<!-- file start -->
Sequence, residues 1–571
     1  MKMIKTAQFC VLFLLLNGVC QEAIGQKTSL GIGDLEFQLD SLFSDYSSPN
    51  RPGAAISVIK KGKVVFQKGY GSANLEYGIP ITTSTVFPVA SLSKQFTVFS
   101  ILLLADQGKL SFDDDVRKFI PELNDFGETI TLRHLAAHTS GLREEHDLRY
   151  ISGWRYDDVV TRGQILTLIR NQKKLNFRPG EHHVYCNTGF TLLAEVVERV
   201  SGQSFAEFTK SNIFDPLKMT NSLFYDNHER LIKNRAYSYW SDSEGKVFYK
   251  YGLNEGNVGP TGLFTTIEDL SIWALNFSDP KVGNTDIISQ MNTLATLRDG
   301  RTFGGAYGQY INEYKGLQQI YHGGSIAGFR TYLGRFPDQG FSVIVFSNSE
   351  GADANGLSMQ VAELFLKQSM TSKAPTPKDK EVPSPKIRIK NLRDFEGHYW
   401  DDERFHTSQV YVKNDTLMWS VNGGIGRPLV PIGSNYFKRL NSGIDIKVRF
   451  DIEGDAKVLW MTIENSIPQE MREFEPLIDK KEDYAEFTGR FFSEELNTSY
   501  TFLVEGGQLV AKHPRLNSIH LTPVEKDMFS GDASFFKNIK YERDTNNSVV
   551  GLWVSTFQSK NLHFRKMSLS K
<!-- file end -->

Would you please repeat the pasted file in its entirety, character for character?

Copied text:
Sequence, residues 1–571
     1  MKMIKTAQFC VLFLLLNGVC QEAIGQKTSL GIGDLEFQLD SLFSDYSSPN
    51  RPGAAISVIK KGKVVFQKGY GSANLEYGIP ITTSTVFPVA SLSKQFTVFS
   101  ILLLADQGKL SFDDDVRKFI PELNDFGETI TLRHLAAHTS GLREEHDLRY
   151  ISGWRYDDVV TRGQILTLIR NQKKLNFRPG EHHVYCNTGF TLLAEVVERV
   201  SGQSFAEFTK SNIFDPLKMT NSLFYDNHER LIKNRAYSYW SDSEGKVFYK
   251  YGLNEGNVGP TGLFTTIEDL SIWALNFSDP KVGNTDIISQ MNTLATLRDG
   301  RTFGGAYGQY INEYKGLQQI YHGGSIAGFR TYLGRFPDQG FSVIVFSNSE
   351  GADANGLSMQ VAELFLKQSM TSKAPTPKDK EVPSPKIRIK NLRDFEGHYW
   401  DDERFHTSQV YVKNDTLMWS VNGGIGRPLV PIGSNYFKRL NSGIDIKVRF
   451  DIEGDAKVLW MTIENSIPQE MREFEPLIDK KEDYAEFTGR FFSEELNTSY
   501  TFLVEGGQLV AKHPRLNSIH LTPVEKDMFS GDASFFKNIK YERDTNNSVV
   551  GLWVSTFQSK NLHFRKMSLS K